I am looking at getting a new garage door to replace 2 roller doors that have seen better days. I’m a big fan of the timber-look doors that are quite popular at the moment but I went to Dandenong Garage Doors (stockist of B&D garage doors) to get an idea of price and the guy there literally talked me out of getting a B&D "Timber Coat" door. He said they were powder coated and as a result were near impossible to repair in terms of damaging a panel, they couldn’t simply respray/replace the panel because the colour of the replacement panel wouldn’t match the rest of the door.
He was more favourable towards their "Timbergrain" doors (which apparently are made differently and could be repaired if damaged) but there are only 2 colour options in this door and in my opinion don't look as good.
Can anyone give me any advice/recommendations? (Doesn't have to be B&D related, that's just where I happened to go first).
Finishes applied to materials used for garage doors are often in the following categories
- PRE-PAINTED SURFACES (METALS)
- PAINTED OR STAINED SURFACES (METALS, TIMBER, COMPOSITE MATERIALS)
- GLAZING (GLASS AND SIMILAR TRANSPARENT/TRANSLUCENT MATERIALS)
Factory or prefinished coatings have become common usage due, amongst other things, to
- Consistency of coating thickness
- Consistency of pigment colours
- Durability of finish
Normal environmental conditions over time can affect the pigment colouration in a pre-painted surface and, differences to new material with the same pre-painted colour can be evident in the event of panel replacement due to damage etc. depending on the time the ‘old’ material has been exposed to normal environmental conditions and / or different manufactured batches of the pre-painted material.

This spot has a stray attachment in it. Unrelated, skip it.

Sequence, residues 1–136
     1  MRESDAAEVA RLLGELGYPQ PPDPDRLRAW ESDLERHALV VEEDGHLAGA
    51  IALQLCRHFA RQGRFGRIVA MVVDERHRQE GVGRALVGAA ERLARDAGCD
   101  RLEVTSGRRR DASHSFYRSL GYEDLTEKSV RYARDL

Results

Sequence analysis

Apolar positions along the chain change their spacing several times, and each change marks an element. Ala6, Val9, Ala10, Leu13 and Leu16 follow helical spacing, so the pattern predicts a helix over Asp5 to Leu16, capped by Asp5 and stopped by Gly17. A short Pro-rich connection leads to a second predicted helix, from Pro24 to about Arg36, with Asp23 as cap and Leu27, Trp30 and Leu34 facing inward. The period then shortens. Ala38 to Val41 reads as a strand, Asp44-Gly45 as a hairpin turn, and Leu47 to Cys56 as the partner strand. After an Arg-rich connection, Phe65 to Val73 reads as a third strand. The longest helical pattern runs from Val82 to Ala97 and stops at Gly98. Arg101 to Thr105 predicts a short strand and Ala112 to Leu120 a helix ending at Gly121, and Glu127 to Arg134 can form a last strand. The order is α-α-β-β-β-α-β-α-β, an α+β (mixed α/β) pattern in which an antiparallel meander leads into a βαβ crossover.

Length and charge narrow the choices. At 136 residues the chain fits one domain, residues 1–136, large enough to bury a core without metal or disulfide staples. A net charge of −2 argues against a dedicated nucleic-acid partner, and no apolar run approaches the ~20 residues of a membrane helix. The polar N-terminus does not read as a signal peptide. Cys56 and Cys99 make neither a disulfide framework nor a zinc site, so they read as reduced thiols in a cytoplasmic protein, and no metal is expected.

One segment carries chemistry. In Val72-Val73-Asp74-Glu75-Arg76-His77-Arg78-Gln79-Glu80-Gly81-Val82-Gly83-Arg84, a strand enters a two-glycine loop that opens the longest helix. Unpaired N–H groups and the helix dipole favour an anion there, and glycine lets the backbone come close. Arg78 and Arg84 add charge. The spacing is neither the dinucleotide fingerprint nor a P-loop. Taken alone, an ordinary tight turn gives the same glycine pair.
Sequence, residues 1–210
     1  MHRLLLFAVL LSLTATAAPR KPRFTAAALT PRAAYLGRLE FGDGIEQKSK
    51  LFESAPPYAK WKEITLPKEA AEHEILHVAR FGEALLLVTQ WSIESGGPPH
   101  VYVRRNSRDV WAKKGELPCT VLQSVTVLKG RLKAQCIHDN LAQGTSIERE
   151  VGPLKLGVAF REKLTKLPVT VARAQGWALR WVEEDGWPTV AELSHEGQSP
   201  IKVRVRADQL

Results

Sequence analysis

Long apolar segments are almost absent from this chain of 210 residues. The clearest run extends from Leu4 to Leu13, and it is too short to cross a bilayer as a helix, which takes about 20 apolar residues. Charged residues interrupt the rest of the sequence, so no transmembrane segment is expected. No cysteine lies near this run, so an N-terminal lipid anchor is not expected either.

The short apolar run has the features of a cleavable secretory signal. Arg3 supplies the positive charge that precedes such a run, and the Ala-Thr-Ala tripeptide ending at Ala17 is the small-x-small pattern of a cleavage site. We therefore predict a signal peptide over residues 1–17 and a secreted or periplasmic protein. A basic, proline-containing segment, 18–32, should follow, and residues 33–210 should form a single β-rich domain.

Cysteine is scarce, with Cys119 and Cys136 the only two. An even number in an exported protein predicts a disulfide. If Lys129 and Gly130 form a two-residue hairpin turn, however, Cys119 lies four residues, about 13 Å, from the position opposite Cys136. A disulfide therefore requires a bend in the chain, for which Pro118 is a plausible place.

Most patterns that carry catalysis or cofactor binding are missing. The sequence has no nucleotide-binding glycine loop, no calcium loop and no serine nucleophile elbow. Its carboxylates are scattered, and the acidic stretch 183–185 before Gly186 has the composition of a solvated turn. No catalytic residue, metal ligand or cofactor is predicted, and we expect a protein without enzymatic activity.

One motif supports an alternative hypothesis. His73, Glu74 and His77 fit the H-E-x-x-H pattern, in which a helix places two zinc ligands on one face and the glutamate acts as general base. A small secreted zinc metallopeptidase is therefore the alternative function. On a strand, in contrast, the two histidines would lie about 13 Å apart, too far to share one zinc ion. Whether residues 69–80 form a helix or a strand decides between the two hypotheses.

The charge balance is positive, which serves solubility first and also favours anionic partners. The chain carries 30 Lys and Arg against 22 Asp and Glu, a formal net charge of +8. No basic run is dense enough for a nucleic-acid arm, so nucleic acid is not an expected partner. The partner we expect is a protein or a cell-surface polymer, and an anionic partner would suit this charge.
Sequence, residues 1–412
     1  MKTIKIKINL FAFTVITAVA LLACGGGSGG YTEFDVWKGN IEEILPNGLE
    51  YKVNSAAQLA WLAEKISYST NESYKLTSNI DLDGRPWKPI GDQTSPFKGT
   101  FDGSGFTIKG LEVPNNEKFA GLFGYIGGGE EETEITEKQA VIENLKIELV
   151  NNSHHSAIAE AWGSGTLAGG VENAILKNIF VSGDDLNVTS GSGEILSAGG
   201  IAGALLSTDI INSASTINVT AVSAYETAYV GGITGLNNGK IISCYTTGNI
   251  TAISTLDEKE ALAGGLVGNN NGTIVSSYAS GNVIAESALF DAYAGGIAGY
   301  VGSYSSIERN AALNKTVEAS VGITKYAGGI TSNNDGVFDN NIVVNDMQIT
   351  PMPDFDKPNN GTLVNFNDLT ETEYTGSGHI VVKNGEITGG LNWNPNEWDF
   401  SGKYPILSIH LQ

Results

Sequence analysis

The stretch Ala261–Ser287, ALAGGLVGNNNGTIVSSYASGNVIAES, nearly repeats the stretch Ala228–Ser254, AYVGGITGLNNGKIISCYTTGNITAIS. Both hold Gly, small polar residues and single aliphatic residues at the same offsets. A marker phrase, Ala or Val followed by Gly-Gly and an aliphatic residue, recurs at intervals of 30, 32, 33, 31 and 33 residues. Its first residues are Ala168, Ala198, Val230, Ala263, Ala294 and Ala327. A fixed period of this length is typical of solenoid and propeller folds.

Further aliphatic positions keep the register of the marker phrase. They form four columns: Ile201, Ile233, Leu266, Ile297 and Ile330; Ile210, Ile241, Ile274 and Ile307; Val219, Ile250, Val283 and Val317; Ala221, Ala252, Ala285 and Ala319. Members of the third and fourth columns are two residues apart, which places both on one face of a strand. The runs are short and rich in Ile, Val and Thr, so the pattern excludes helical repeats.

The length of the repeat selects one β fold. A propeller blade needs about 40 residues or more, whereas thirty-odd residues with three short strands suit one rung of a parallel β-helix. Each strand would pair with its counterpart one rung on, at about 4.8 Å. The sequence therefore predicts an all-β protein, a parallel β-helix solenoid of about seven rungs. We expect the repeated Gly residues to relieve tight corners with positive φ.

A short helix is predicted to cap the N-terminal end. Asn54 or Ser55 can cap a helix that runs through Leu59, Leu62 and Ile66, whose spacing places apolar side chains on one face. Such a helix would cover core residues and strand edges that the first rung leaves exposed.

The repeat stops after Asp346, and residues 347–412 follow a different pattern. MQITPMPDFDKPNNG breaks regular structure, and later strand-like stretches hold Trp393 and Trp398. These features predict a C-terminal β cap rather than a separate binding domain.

In particular, differences in formulation of any touch up paint used may present a different colouration to that of the whole surface.
Painted / stained surfaces are also liable to colouration differences over time.
There is no short answer to what you're asking as to choice of colour systems / products etc. to mitigate the risk of the possibility of occasional damage and resultant paint / product match up.
It really comes down to researching the range of products on offer, different types, manufacturers and finish systems to best suit your preferences and budget. Future consideration of colour matching / differences needs to be a personal risk tolerance choice against potential causes of damage and the like.
As a comment from the owner of a roller door, 5m wide and west facing, no damage has been experienced, from windblown foliage, bird droppings and the like, and fortunately no heavy object impacts. Washing has sufficed to keep the door with reasonable uniform appearance. And now after 26 years with the original colour having slowly faded a little from the original colour, the door has been fully spray painted to an entirely different colour as decreed by she who has the superior design and colour sense in the household.
Australian Garage Door Association